Do’s and Don’ts of Making Friends as an Adult


Kids make friends so easily, don’t they? Got a bike? Let’s ride! New toy? You’re the talk of the town. The little conversations turn into lifelong friendships. High school can get strange and dicey when it comes to building social circles. But, there are plenty of opportunities to meet people at clubs, activities, parties, and part-time jobs.

It’s when you enter adulthood that everything changes. Sure, you can still be BFF with your high school buddy or the close-knit group of amigos you hung out with in college.

But what if you move to a new city? Or break up with your significant other and your friends all take your ex’s side? What if you lose your job and are thrust into a new work environment?

What if all three happen at the same time?

Welcome to my mid-twenties, when I packed up and started over in a new city; Paris, to be exact. A place where I didn’t know a single soul and everyone spoke French.

Ten years later, I have an eclectic, wonderful group of friends – people I never would have met if I didn’t venture out of my comfort zone. Trying a few things that worked and a few things that didn’t, I eventually found my footing.

The Do’s and Don’t’s of Making Friends

Do: Ask for “Recommendations”

If you were looking for a new doctor, you’d have no problem asking for a recommendation. It may seem awkward, but you can do it for friends, too. “Hey Molly! I’m moving to New York next month and I know you used to live there. Do you know anyone who could show me the ropes?”

Don’t: Be Close-Minded

You may be a single party girl in her 20’s, but your new best friend could be a forty-something married chick… or a guy. One of my closest friends is 35 years older than me – you never know who you’ll click with!

Do: Hang out with Work Colleagues, Sparingly

You see these people for a good chunk of your week. If you end up being best buds and can chat every day at the coffee machine, great. It’s not so great if things go from sweet to sour, and you have to pass them every day at the coffee machine. The occasional lunch date or happy hour meet up can be a good way to have a little fun as long as they’re not your only friends.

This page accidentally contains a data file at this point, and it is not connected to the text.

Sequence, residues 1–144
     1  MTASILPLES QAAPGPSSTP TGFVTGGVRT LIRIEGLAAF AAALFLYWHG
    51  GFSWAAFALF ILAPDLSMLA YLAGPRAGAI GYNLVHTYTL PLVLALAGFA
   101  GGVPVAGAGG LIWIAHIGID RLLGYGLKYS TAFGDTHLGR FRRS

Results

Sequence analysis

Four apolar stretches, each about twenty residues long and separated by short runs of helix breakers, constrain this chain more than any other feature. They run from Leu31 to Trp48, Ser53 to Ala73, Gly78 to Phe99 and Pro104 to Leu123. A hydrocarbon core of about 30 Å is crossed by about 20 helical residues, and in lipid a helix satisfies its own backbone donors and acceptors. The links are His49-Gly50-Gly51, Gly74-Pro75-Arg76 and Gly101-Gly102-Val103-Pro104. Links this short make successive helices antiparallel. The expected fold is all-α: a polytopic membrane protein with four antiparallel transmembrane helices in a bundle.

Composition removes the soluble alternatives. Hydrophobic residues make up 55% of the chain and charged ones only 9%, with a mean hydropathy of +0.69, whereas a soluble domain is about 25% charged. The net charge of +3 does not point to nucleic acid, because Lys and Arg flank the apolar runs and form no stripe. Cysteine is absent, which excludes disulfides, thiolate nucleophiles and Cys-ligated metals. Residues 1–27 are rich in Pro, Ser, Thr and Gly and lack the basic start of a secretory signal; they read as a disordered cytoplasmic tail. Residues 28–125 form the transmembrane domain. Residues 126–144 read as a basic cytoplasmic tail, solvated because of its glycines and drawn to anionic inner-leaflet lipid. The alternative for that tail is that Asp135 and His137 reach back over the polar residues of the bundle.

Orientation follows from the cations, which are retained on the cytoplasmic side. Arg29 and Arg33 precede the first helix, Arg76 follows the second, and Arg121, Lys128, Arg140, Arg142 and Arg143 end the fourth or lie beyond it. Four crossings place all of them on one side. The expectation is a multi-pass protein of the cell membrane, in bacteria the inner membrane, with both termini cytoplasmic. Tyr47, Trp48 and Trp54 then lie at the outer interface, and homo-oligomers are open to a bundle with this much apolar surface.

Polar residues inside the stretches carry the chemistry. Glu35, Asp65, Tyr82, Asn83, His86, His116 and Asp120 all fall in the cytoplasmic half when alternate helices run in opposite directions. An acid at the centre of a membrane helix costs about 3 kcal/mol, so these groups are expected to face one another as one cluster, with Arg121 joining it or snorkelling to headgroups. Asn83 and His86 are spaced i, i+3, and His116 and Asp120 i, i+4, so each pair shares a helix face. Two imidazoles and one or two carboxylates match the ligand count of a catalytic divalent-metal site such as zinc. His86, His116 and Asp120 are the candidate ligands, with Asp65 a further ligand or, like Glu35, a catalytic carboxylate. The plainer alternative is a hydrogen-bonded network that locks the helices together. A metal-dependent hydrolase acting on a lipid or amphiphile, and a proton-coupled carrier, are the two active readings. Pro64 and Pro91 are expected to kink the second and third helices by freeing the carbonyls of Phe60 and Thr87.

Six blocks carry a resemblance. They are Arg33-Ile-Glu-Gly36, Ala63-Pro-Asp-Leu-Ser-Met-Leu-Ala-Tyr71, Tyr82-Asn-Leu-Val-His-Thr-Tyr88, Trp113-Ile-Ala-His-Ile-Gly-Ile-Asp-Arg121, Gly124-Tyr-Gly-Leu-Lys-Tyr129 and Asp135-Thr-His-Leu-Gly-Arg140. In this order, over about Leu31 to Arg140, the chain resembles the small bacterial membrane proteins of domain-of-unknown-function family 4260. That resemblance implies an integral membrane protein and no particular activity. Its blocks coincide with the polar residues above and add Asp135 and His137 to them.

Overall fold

Don’t: Start Dating Right Away

If you meet The One and are swept up off your feet, then who am I to stop you? But if you’ve just moved and/or broken up with your ex, you’re likely feeling a bit vulnerable. It’s better to focus on establishing a few solid friendships before diving headfirst into a new romance. It’s much harder to meet new people when you’re snuggling on the couch with your new fling 24/7!

Do: Sign up for a Running Club, Art Class, Skydiving Group

Sign up for basically anything that interests you. I joined an all-female gym, where I practiced my French and socialized with unpretentious Mademoiselles while burning off my daily croissant intake.

Don’t: Be Afraid to Go out Alone

I mean, don’t hang out in a dark alley by yourself. But you can go to a bar or concert with just you, your sparkling personality, and a willingness to meet new people.

Do: Place an Ad in the Platonic Section of Craigslist

Be prepared for the deluge of sketchballs looking for a non-platonic relationship (do people even READ anymore?) but you’ll get good hits, too. During my first week abroad, I met two fabulous chicks online and we kept in touch for years. They also introduced me to their friends and showed me around town, expanding my circle of friends even further.

Don’t: Be Rude

Some people rub you the wrong way or are just not your type. They’re dorky or clingy or won’t stop talking about their dental work. Let ’em down easy and move on. If they don’t get the hint, say, “Thanks for showing me around the old shoemaker’s district. The next time I’m in the mood for some sightseeing, I’ll get in touch!”

Do: Be Confident

There’s nothing more attractive – even platonically – than confidence. People love hanging around confident (but not cocky) people because they radiate good energy. It’s hard to feel confident at first when you’re Miss No Friends at the end of the bar. Keep telling yourself that you will eventually make friends because you’re a badass with a killer personality that people are just waiting to discover.

Don’t: Come on Too Strong

If you’re arrogant or desperate, coming on strong will scare off your potential friend. Be cool. Friendships don’t form overnight. It’s OK to be excited about all you have in common – “You camped out at Phish Everglades 2000, too?” – but don’t start planning the next 25 weekends together. Give him or her your number, suggest a time to hang out in the future, and let your friendship grow.

Do: Volunteer for an Organization That Interests You

If you like pets, help out at an animal shelter or an adoption fair. You’ll meet other pet-lovers and will have common ground to strike up a conversation. I volunteer for an English-speaking crisis line in Paris, which is a great way to meet English speakers in a sea of Frenchies.

It’s not easy to make friends as an adult. But your awesomeness and open mind will get you pretty far. And if you move to Paris, give me a call – I’d be happy to show you the ropes.